Photo: Graham Donath
Photo: Graham Donath

Even judged alongside its contemporaries from those fertile, boundary-obliterating metallic hardcore glory days of the late 90s, the discography of Tampa, Florida’s late, great Reversal of Man — a singularly potent amalgamation of powerviolence, post-hardcore, grind, indie, and impossibly abrasive hardcore — stands out and, in many ways, remains ahead of its time nearly two decades after disbanding.  

“Reversal of Man was a reaction to growing up in the early 90’s hardcore/punk scene in Central Florida,” vocalist Matt Coplon tells Decibel. “There were minimal shows here due to both Florida’s not-very-conducive geography for touring bands and the backlash from the state’s violent, neo-Nazi threat spilling over from the late 80’s. We took what we could get…and those into goth, indie, punk, death metal, and hardcore melted together, attending any and every show that came through town. And then at some point, in the mid 90’s, Instead of pining on what band would make the trek down our peninsula, the Central Florida punk/hardcore scene began making it’s own music instead: Assück, Palatka, End of the Century Party, Scrotum Grinder, Combat Wounded Veteran, Hope Springs Eternal, Floor, Dragbody, etcetera…

“In a short period of time, our ethos shifted from doing everything in our power to leave the state, to doing everything we could to stay.”

To celebrate the digital re-release of the band’s catalog via Archivist Records, Coplon kindly agreed to give Decibel the inside scoop on five of Reversal of Man’s most beloved jams…  

1. “(These) Hills Have Eyes”

“These Hills Have Eyes” was written originally by Jason Crittenden and Jeff Howe’s side project “The Christ Kill.” After breaking up after a short stint — and never playing out — Jason and Jeff brought the song over to ROM where the chorus line’s lyrics “You’ll be gone” were switched to “Hills Have Eyes.” This became a staple song in our sets from 1998 to 2000. “These Hills Have Eyes” followed “I’m a New York Detective” in changing Reversal Of Man’s sound. Much more visceral, and I feel, lyrically, much more existentially pissed off.

2. “Get The Kid With The Sideburns”

“Get the Kid With the Sideburns” was written quickly one Saturday afternoon in Jeff’s parent’s living room while they were away on vacation. It was a response to the prior weekend’s “all out war” with Earth Crisis.

Here’s the actual story: We showed up to their show dressed as the village people. EC wasn’t stoked, so they had their south Florida minions come after us. A bunch of tough guys against a bunch of skinny, punk nerds. Makes sense, right? But all they could get their hands on was my afro wig. End of action. Once EC began setting up, they asked the venue to turn out the lights. My buddy Charlie spoke up and said something to the effect of, “So you can try to fight us again in the dark?” Those words sparked a riot. Instantly, multiple factions were fist fighting…and at one point, Karl from EC jumps up on top of their merch table, spots me in the crowd without my wig, exposing my patchy sideburns, and yells, “Get the kid with the sideburns.” John Willey, our drummer, happened to be fighting their guitarist next to that table. He fell to the ground, rolled under it, ultimately making it collapse, Karl and all, on top of the two of them. By that point, we were all making a beeline out the threshold to safety.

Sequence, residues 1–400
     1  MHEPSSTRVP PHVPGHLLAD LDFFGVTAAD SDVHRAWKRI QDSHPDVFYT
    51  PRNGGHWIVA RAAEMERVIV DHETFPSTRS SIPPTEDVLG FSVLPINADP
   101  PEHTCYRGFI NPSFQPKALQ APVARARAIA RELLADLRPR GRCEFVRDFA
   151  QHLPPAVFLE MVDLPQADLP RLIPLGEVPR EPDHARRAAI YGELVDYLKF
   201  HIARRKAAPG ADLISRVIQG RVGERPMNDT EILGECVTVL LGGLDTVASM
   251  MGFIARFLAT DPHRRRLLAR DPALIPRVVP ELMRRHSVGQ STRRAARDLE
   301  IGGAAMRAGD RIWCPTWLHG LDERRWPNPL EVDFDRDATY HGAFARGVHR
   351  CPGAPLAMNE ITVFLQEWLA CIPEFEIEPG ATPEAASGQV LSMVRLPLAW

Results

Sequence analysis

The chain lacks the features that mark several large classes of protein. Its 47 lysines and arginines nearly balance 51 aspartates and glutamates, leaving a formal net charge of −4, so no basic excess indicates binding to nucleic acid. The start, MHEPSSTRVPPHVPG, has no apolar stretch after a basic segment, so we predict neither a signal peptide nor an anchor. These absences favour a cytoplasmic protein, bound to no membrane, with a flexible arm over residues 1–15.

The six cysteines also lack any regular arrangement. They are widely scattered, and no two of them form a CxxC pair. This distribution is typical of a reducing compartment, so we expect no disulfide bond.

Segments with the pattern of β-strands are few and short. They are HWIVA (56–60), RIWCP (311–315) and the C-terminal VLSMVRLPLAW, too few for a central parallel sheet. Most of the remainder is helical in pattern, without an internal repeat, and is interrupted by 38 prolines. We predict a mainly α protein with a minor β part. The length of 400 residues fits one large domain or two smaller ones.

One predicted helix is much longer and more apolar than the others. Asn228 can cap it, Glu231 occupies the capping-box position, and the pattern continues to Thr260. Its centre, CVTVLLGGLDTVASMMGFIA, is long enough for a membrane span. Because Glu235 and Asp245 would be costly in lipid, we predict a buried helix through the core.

“Get the Kid with the Sideburns” was a staple in our set from 1998 to 2000.

3. “I’m a New York Detective”

“I’m a New York Detective” was written by Jasen Weitekamp. It took him several practices to finish the song. And he practically wrote everything: the guitar work, the drumming, and the vocal pattern. At that point, he was heavily influenced by One Eyed God Prophecy — we had just played a basement show with them. In a post show conversation, they mentioned to him how draining their song process was. Jason took it to heart…this was the catalyst for Reversal Of Man spending more time writing music and being ok with tossing a lot of it out onto the cutting room floor.

4. “Quantis”

“Quantis” was a letter written to the band from Dan Radde. It was a response to him hearing the recording of “I’m a New York Detective.” We literally turned his letter, verbatim, into lyrics. At that point in time, Tampa/Orlando was such a tight knit scene. It almost felt that ROM was less the 5 members, and much more everyone we were friends with from those scenes. “I’m a New York Detective” breached on expressing that idea, but “Quantis” really encompassed it. I feel, of all of our songs, lyrically, this hit home the most. A couple months later, through a coincidental chain of events, Dan Radde would actually replace Jason Weitekamp on guitar. Soon after that, Dan became the brains of ROM. He was, looking back, the most important member…”Quantis” was kind of our ode to him.

Another staple song in our set from 1998 to 2000.

5. “Burial of the Dead”

“Burial of the Dead” was the first of the last five songs we’d written inspired by TS Eliot’s “The Wasteland.” This was a 6 month period where ROM was functioning, internally, as a band, at it’s best…but at the same time, we were all experiencing the weird existentialism you feel when you breach twenty. In that, we were, unbeknownst to us, starting to go our separate ways and into separate interests. Looking back, the “Wasteland” collection was a subconscious indicator of that…